While in Italy, Leopold’s main vocation was confessions, which he did for 34 years. The Capuchin brothers often criticized Leopold for his approach to confession, calling him too lenient and compassionate. Leopold’s compassion showed that he was more understanding and sympathetic to the people that came to him, and would treat them with great sensitivity. He was an outspoken on issues with children, and being pro-life and especially fond of expectant mothers and young children. He did great work in setting up orphanages for children without parents.
Leopold also had a deep devotion to the Virgin Mary who he referred to as “my holy boss”. He was known to pray the rosary quite often, and celebrated the eucharist daily at the side altar in the Little Office of the Virgin Mary. He would then visit the sick in nursing homes, hospitals and homes all over Padua. He visited the Capuchin infirmary to comfort the sick friars, giving them words of advice and reminding them to have faith.
Leopold suffererd from esophagus cancer, which would ultimately lead to his death at age 76. On July 30, 1942, while preparing for the liturgy, he collapsed on the floor. He was then brought to his cell, where he was given the last rites. Friars that had gathered at his bed sang “Salve Regina,” and when they got to the words, “O clement, O loving, O sweet Virgin Mary,” Leopold died.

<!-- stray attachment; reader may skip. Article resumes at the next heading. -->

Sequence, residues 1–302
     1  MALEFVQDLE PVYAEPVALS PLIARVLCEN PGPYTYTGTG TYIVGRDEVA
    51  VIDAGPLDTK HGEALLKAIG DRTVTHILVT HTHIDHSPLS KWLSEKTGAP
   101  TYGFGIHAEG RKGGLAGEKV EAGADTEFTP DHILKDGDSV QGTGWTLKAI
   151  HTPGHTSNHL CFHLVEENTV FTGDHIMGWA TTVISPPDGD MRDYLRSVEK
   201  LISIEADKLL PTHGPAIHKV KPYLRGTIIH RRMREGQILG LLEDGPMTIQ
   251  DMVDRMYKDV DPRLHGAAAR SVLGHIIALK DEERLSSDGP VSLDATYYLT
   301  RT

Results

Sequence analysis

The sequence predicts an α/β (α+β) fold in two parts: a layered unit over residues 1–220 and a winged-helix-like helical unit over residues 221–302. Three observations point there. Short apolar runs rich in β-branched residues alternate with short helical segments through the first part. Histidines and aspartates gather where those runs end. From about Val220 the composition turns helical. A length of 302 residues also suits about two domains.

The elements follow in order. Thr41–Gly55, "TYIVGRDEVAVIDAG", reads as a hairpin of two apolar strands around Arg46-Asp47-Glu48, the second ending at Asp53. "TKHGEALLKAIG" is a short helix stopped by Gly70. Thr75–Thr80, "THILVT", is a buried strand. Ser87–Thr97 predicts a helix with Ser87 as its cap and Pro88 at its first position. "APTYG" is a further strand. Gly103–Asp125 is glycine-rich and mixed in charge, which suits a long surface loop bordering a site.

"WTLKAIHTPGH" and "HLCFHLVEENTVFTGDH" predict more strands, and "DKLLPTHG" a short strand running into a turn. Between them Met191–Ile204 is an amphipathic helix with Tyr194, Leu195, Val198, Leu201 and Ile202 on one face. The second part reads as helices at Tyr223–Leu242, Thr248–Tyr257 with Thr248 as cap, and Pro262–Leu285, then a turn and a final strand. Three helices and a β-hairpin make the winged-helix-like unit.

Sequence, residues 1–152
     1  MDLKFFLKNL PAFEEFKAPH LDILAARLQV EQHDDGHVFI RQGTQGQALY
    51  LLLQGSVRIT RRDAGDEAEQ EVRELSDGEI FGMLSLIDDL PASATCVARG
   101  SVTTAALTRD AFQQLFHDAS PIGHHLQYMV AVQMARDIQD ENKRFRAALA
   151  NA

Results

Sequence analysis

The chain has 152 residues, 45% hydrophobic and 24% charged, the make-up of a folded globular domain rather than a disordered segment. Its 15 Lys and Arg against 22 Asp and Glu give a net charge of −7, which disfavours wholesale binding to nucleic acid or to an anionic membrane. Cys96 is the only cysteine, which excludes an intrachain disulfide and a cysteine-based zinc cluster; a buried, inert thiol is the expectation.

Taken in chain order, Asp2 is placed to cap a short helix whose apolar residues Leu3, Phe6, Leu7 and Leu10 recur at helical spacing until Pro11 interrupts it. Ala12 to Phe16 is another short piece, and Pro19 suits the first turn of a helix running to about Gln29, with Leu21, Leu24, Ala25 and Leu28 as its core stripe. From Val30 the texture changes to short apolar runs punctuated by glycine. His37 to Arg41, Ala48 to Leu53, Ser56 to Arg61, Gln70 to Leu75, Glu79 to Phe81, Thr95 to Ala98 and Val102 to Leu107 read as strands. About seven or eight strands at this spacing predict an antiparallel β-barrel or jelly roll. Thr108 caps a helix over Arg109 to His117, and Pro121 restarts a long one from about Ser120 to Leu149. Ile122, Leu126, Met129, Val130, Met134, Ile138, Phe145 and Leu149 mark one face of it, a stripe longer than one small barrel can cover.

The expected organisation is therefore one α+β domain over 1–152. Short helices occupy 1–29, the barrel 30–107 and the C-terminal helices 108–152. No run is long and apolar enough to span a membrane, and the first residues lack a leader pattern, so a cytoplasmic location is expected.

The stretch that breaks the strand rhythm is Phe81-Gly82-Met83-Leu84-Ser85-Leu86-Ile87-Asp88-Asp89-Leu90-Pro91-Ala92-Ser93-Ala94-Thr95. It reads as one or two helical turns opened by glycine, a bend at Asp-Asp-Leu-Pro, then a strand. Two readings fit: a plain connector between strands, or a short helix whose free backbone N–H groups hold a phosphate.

During the bombing of World War II the church and part of the friary where Leopold lived were demolished, but Leopold’s cell and confessional were left unharmed. Leopold had predicted this before his death, saying, “The church and the friary will be hit by the bombs, but not this little cell. Here God exercised so much mercy for people, it must remain as a monument to God’s goodness.” Paul VI beatified Leopold on May 2, 1976. He was canonized by John Paul II during the Synod of Bishops on October 16, 1983. Leopold is hailed as the “Apostle of Unity.”
Saints of the Day — Sts. Nereus & Ahilleus, Martyrs
Also St. Pancras
Saint of the Day for today.
Information: St. PancrasFeast Day: May 12
Born: ~289 AD, Synnada, Phrygia
Died: ~304 AD, Via Aurelia, Rome
Major Shrine: San Pancrazio, Rome
Patron of: children; invoked against cramp, false witness, headache, and perjury
Easter: May 12th
Optional Memorial of Sts. Nereus and Achilleus, martyrs; Optional Memorial of St. Pancras, martyr